Citigroup has agreed to the settlement without accepting any wrong doing. Credit Suisse was fined $4 million for its involvement in the toxic mortgage assets case.  

Are people really still confused as to what the Wall Street protests are about? This sort of "heads I win, tails you lose" behavior by Wall Street is what prompted last year's extensive revamp of financial regulation, known as the Dodd-Frank Act, which several GOP presidential candidates vow to repeal. It's also what has driven many Americans to support the Occupy Wall Street protest movement growing in cities across the nation.

In a statement on its website, Citi Bank stated "We are pleased to put this matter behind us and are focused on contributing to the economic recovery, serving our clients and growing responsibly".

That's the sweet truth, they should be extremely pleased! The Government gives them twenty times that amount in free 'stimulus' money, and all they have to give back is a few million. Not bad for a day's scam. Way to go Government, you really showed 'em on this one.

Do you think Citigroup will change it's behavior or continue business as usual? Too big to fail, too big to arrest, too big to care. 
Citigroup, Nice slogan: "How can we help you today, bend over".

In another statement on its website, Citigroup neither admitted nor denied guilt. Citigroup noted that "the S.E.C. did not charge it with “intentional or reckless misconduct. Rather, it settled charges that its actions were negligent and misleading to investors". Ohhhhhh, okay, then. They were ONLY negligent and ONLY misled investors, then, just pay a fine, no admission or denial of wrongdoing, that's the Wall Street way of doing things responsibly.

What a fiasco.They defrauded a billion and get a fine of 285 million? So they walk with a net GAIN of 715 Million.

"It's not called Occupy Wall Street because it's a random geographical location," said Bartlett Naylor, who heads financial policy for advocacy group Public Citizen, which wants criminal charges filed against Wall Street executives.

Citigroup had previously reached a $75 million settlement with the SEC in July 2010 for failing to adequately disclose how much risk it carried on junk mortgages. A federal judge first rejected that settlement as too light, before agreeing later to accept it.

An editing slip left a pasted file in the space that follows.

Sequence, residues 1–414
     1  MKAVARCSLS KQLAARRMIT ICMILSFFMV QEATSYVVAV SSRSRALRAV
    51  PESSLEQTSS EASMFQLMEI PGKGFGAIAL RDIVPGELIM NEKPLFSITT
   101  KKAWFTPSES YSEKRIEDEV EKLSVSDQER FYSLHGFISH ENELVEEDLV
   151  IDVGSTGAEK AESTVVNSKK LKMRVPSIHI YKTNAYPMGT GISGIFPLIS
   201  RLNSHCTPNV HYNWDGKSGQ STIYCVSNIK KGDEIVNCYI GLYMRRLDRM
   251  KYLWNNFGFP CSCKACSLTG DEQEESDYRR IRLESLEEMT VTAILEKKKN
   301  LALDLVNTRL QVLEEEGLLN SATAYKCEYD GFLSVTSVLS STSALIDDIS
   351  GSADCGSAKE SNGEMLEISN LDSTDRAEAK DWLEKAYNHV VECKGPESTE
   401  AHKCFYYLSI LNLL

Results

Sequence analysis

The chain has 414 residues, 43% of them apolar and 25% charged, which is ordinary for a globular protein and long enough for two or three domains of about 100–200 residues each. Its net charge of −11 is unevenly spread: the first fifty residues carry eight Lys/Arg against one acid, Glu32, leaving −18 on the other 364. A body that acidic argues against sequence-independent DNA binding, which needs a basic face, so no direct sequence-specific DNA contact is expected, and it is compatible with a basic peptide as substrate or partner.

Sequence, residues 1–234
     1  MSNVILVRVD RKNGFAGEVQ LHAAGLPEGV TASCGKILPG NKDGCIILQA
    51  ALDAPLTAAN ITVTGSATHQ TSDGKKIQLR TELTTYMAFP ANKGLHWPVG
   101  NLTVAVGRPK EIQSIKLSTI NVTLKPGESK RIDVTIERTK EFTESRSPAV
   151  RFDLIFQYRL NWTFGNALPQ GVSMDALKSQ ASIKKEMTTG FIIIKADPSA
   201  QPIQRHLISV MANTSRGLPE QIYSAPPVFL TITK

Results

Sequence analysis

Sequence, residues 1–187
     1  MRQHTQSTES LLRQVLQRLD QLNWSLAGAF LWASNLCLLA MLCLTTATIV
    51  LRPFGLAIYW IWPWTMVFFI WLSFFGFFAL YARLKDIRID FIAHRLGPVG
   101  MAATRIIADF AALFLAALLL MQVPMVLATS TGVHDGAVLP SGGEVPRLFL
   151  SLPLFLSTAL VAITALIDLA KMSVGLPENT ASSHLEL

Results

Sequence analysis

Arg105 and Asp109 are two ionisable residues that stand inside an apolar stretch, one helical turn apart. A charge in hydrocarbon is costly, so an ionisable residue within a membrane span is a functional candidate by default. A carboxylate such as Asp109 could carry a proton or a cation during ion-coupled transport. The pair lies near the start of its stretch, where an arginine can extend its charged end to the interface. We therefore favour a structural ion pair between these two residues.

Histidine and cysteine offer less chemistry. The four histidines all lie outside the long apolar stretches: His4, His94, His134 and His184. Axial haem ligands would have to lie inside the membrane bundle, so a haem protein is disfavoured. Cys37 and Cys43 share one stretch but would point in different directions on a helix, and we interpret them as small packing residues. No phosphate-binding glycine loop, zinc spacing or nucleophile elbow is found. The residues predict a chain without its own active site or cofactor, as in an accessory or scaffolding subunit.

SEC documents released Wednesday spell out how the Citigroup transaction, known as Class V Funding III, closed on Feb. 28, 2007, and that by November about 83 percent of the assets in the complex deal had defaulted. Citigroup still walked away with staggering profits.

Big bucks and minimal transparency characterize the world of structured finance, where Wall Street sliced and diced $2 trillion in loans into complex securities that eventually went bust. McClatchy Newspapers reported exclusively in 2009 on how Moody's Investors Service was also complicit by giving AAA ratings to junk bonds, and how Goldman Sachs secretly bet against its mortgage products while safely exiting a cresting housing market before its collapse.

In the most recent July-September 2011 fiscal quarter, Citigroup earned $3.8 billion. At the height of the financial crisis in 2008, regulators worried that Citigroup was on the brink of failure. It received $45 billion as part of the $700 billion government bailout. Its CEO Vikram Pandit this year was awarded a multi-year bonus package that could be worth nearly $23.4 million if performance goals are met.

Still unclear is the degree to which the SEC, with limited resources, is investigating an estimated $1.3 trillion in complex Cayman deals by major U.S. banks in which investors, often foreign banks, absorbed huge losses, mostly on risky mortgage securities.